WILMINGTON, NC (WECT) - 2013 probably won't go down as the most historic weather year in southeast North Carolina, but as we look back there certainly were some memorable events. With 2013 winding down we would like to take a look back at our top five weather stories.
This year was full of outbreaks of gusty thunderstorms. One of the biggest complexes of severe thunderstorms occurred on June 13, about a week after tropical storm Andrea. Other notable severe weather days were: January 30, June 10, June 27, and September 3.
Do you remember the record breaking early snowfall we received on the morning of November 13. It wasn't much! In fact it was only a dusting. However up until this year Wilmington had never seen snow on the ground prior to November 14. Trace amounts of snow were also re cored at ILM on February 16 and 17.
We saw below normal temperatures for nine out of twelve months at ILM. Only January, October, and December were above normal. The summer of 2013 was noticeably cooler than the scorching heat we saw in both 2011 and 2012. The number of days with highs of 90 degrees or higher was sharply lower this year and we never saw a day with a high over 100.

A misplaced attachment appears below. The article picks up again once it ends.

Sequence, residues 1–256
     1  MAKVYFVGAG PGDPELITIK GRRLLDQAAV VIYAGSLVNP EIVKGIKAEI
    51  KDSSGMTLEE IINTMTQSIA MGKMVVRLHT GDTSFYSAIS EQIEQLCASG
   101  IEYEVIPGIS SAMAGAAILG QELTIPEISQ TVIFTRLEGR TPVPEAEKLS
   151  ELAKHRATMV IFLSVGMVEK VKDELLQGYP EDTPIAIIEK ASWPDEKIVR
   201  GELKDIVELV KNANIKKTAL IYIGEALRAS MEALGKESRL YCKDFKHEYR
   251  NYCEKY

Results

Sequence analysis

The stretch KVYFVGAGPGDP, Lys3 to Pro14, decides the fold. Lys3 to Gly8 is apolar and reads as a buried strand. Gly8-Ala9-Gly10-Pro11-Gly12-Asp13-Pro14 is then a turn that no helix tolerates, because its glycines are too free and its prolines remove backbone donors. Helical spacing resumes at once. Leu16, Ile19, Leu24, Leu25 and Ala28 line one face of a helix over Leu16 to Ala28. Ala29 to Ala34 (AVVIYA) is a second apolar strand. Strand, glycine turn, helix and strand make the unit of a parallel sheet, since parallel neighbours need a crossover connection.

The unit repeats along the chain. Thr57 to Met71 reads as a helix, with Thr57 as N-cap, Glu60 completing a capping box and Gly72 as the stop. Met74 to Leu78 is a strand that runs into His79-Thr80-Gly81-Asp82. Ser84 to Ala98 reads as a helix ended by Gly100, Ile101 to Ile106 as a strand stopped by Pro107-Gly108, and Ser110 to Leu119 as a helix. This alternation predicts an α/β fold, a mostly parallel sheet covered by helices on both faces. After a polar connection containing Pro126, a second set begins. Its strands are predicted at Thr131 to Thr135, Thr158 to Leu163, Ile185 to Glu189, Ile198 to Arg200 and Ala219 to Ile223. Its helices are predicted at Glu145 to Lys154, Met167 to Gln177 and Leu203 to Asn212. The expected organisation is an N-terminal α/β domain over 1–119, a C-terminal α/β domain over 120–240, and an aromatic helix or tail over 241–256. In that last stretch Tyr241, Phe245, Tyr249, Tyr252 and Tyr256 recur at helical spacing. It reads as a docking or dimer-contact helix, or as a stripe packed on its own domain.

A very wet June. Wilmington recorded over 11 inches of rain according to the National Weather Service, making it the second wettest June on record. The entire state of North Carolina recorded its second wettest June on record, effectively eliminating any lingering drought over eastern North Carolina to that point. Since June the pattern turned dry once again. Now all of southeast North Carolina is classified as abnormally dry by the U.S. drought monitor.
Tropical storm Andrea. Andrea formed in the central Gulf of Mexico on June 5 and made landfall along the northwestern coast of the Florida Peninsula on June 6. Andrea then moved across: Georgia, South Carolina, and central North Carolina as a minimal tropical storm.
Andrea's rainfall totals were another matter! Much of central North Carolina west of I-95 recorded between 5 to 7 inches of rain. ILM recorded 5.47 inches of rain. Most totals in southeast North Carolina were in the 2 to 3 inch range.
Andrea produced very little damage. However before the main storm's arrival a small tornado did touchdown in Varmentown in Brunswick county early on the morning of June 6.
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